I recommend going for a light tripod otherwise it will tend to get left at home. A light tripod is easy to carry and you can always weigh it down on a windy day.

sunset over Canyon de Chelly, Arizona - 10 Dos and Don'ts for Mastering Your Tripod

DO – Extend the thickest sections of the legs first

When a tripod folds up, its legs unlock and collapse into sections (usually three or four). The thickest sections of the leg are the most stable. So if you’re not raising your tripod to full height, extend the thicker upper sections before you bring the thinner lower parts into play.

DON’T – Raise the center column until the legs are fully extended

Raising the tripod using the legs offers much more stability than using the center column, which can sway slightly during long exposures. For maximum sharpness, the center column should be used to gain extra height only after the legs are fully extended.

DO – Remove the center column altogether

Consider whether you are more likely to require additional height, or if you would rather be able to get lower to the ground. Some tripods allow you to remove the center column, which means you can set up your tripod lower to the ground for super low-angle shots.

Gatklettur, or Arch Rock, in Arnarstapi, Iceland - 10 Dos and Don'ts for Mastering Your Tripod

DON’T – Touch the tripod or camera during the exposure

If you’re doing a long exposure, even a slight nudge on the tripod can cause blur. Make sure that nothing touches the camera or tripod while the shutter is open. A camera strap blowing in the wind comes to mind.

Ideally, you should use a remote shutter release or 2-second self-timer to prevent movement when you press the shutter button.

DON’T – Carry your camera mounted on the tripod

Okay, I have to admit I’m guilty of this one! It can be tempting to leave your camera attached to the tripod as you walk from location to location – it makes set-up and take-down so much faster when you need to get the shot.

But the release plates and screws that hold the camera to the tripod assume that gravity will be working with them. They aren’t built to hold the camera at an angle, especially with the bustling and bumping that can happen while walking around outside. By doing this, you risk your precious camera coming loose and taking a bad spill.

DO – Protect your tripod from water, sand and other debris

A good tripod should be fairly rugged, but tiny particles can get inside the tripod and erode the screws that make it move smoothly and fasten securely. Avoid submerging the joints and locks in sand or silty water, and if your tripod does get dirty, make sure it is clean and dry before folding it back up.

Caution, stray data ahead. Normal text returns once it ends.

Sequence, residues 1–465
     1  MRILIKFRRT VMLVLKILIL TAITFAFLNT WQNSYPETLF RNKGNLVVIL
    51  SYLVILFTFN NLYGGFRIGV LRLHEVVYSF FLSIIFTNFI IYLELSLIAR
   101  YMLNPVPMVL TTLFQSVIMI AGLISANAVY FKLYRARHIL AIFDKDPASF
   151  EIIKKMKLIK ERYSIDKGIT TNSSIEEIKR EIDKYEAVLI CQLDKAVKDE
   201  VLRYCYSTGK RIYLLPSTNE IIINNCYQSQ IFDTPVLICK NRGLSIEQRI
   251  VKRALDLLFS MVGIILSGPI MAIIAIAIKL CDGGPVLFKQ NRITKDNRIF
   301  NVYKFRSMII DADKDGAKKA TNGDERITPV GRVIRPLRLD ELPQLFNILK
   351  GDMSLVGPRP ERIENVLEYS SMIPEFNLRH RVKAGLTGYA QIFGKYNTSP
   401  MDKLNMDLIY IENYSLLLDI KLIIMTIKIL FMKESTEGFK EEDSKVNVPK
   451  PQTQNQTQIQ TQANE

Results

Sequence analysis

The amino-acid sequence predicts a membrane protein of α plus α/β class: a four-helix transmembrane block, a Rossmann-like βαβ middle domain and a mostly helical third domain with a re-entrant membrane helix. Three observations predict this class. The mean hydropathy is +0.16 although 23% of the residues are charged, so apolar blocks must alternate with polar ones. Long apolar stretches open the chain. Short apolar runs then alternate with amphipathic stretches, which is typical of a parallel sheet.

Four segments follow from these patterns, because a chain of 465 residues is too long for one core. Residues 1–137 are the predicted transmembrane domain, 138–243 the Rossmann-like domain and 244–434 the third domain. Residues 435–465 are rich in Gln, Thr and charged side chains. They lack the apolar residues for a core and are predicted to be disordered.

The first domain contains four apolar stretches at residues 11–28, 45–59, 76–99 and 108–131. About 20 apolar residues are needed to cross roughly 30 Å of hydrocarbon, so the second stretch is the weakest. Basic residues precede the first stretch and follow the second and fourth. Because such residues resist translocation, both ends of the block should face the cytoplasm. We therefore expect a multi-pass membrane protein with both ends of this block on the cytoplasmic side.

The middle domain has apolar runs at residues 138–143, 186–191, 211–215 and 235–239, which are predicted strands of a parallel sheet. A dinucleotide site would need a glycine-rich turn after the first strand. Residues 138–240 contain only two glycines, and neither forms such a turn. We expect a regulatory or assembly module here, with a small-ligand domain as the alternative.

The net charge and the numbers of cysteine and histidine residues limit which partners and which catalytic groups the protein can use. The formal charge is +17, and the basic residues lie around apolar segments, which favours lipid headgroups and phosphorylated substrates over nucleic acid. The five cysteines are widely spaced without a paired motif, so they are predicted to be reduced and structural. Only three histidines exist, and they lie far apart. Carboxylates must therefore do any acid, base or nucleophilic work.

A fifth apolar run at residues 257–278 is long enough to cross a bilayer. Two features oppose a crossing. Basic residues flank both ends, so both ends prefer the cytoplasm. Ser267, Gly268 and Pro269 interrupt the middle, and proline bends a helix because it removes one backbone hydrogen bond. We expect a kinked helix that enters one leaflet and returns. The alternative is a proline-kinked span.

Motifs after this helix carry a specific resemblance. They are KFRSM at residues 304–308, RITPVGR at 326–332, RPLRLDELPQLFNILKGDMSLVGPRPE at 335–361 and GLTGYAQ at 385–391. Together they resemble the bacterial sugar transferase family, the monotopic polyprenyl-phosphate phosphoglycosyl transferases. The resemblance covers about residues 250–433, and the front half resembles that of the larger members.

I often use my tripod on the beach and sometimes submerge it in salt water. A solution to the problem of getting sand and salt in the tripod is to not collapse it again. I just leave all the legs extended until I get home (or to home base if traveling) and can rinse it off.

Hraunfosser Waterfall, Iceland - 10 Dos and Don'ts for Mastering Your Tripod

DON’T – Over-tighten the screws

Some tripods have spinning screw locks that tighten the legs, and some fasten with clips that are held on with bolts that may need to be adjusted from time to time.

Either way, you want these screws to be secure enough, but you don’t want to muscle them so tight that they can’t be unlocked. Worse, you could strip and damage the threads. Most screws on a tripod should be firmly finger-tight, and no more.

DO – Turn off image stabilization

The image stabilization technology inside cameras and lenses is fantastic when hand-holding the camera, but can actually backfire when used on a tripod.

This is because the stabilization system itself causes vibrations, and when it’s mounted on a stable base such as a tripod, it actually detects its own vibration. It works harder to stabilize this, which causes it to vibrate, even more, compounding the problem.

Therefore, this setting should be turned off when your camera is mounted on a tripod.

10 Dos and Don'ts for Mastering Your Tripod - photographer in a desert valley

Over to you

There’s nothing worse than making a big investment in your photography only to find it isn’t helping very much. So make sure you are using your tripod properly to get those sharp images you are after.

The post 10 Dos and Don’ts for Mastering Your Tripod appeared first on Digital Photography School.

3 Legged Thing launches the affordable Patti tripod

British manufacturer 3 Legged Thing today launched a new affordable today. Despite an entry-level price point of $120, the company says its new Patti offers the same quality and versatility as the more expensive models in its Punks range.

A maximum payload of 10kg (22lbs) should be more than enough for most smaller DSLRs and mirrorless setups, and its ABS plastic flip leg locks instead of the more expensive models' twist lock systems help keep the price down. The legs are made from aircraft grade magnesium.

The Patti features a removable and reversible single section center column, allowing for low angled shots and a minimum shooting height of 11cm (4.3"). Packed down the new model measures 45cm (17.7") and extends to a maximum height of 1.63m (64") when unfolded and set up.

The tripod is supplied with the company's AirHead Mini head, a simplified version of its AirHead ball head variant. The latter comes with controls for the Arca Swiss style release plate as well as the ball head and panoramic rotation.

The Patti is available to pre-order from today and will be released September 15th. More information is available on the 3 Legged Thing website.